Conspiracy theories have long surrounded Denver's International Airport since it opened in 1995 – with many believing it hides a secret bunker for the Illuminati.
Visitors to the airport are greeted by a massive statue of a horse rearing on its hind legs with glowing red eyes. To add to the creepiness, the statue - titled Blue Mustang - killed its sculptor Luis Jimenez in 2006, when it fell on him and severed an artery in his leg.
Read more: Why is Denver's airport so creepy?
Inside the terminal, the unsettling iconography continues. A gargoyle pops out of a suitcase at baggage claim and a mysterious plaque states that the airport was paid for by the "New World Airport Commission" - which doesn't exist.
And the strange post-apocalyptic murals within the airport – which have since been removed – certainly didn't help stop the spread of the rumours.
Located 40km outside of Denver, the airport is enormous - it's twice the size of Manhattan and reportedly went $2 billion over budget.
Before its construction, Denver already had an airport, Stapleton, which added fuel to beliefs that it was constructed to hide a large underground bunker, presumably reserved for members of the Illuminati.
However, now it seems Denver International Airport has embraced the conspiracies.
Signs plastered over temporary walls surrounding construction zones pay tribute to the rumours of aliens, Freemasons and Illuminati agents roaming the secret tunnels the airport supposedly hides. Emblazoned with images of reptilian humanoids, gargoyles and the demonic horse known as "Blucifer", the posters embrace the conspiracy theories head on.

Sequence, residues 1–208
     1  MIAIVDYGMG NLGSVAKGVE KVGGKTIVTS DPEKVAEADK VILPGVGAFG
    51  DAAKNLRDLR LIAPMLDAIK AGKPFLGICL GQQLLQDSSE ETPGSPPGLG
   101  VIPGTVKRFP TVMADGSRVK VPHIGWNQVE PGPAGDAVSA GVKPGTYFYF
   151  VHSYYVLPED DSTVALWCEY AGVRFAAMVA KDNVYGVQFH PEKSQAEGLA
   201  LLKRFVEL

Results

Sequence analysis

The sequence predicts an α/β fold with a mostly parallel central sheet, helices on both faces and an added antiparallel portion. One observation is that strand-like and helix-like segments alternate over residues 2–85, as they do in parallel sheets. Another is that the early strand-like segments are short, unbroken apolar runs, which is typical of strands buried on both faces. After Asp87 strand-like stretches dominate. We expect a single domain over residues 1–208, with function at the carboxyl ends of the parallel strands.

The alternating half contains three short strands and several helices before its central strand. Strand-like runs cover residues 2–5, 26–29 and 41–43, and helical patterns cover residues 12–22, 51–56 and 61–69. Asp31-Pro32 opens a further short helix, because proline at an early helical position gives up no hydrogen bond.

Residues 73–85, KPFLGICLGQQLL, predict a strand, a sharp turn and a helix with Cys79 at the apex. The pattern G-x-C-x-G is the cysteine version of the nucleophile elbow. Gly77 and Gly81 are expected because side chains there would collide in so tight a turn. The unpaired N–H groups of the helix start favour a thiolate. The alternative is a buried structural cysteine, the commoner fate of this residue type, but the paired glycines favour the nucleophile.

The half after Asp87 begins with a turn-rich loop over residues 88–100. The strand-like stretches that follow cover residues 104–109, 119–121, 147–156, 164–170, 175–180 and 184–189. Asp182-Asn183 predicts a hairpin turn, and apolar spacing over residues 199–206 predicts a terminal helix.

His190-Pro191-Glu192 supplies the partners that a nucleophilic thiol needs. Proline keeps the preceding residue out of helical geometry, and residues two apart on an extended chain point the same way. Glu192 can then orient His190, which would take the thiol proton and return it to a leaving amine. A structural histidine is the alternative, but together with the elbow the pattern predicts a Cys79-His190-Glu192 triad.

"Construction? Or cover up?" reads one sign. Another hints on what could be coming soon: "A secret portal to the underworld", "streamlined security" or "another misunderstood mural".'
Whether the walls are hiding "new Illuminati headquarters", "a remodeling of the lizard's people lair" or just new restaurants, they're sure to get the tin-foil hat crowd talking.
Emily Williams, a spokesperson for the airport, told the Denver Post that the conspiracy theories had become part of the airport's brand and were a "fun" way to engage with passengers.
The posters also direct visitors to a website which explains what is happening with the construction process – as well as explaining the conspiracy theories. But the airport is hardly attempting to defuse them. Instead, it simply states "if that's what you want to believe, we're not going to hinder your imagination."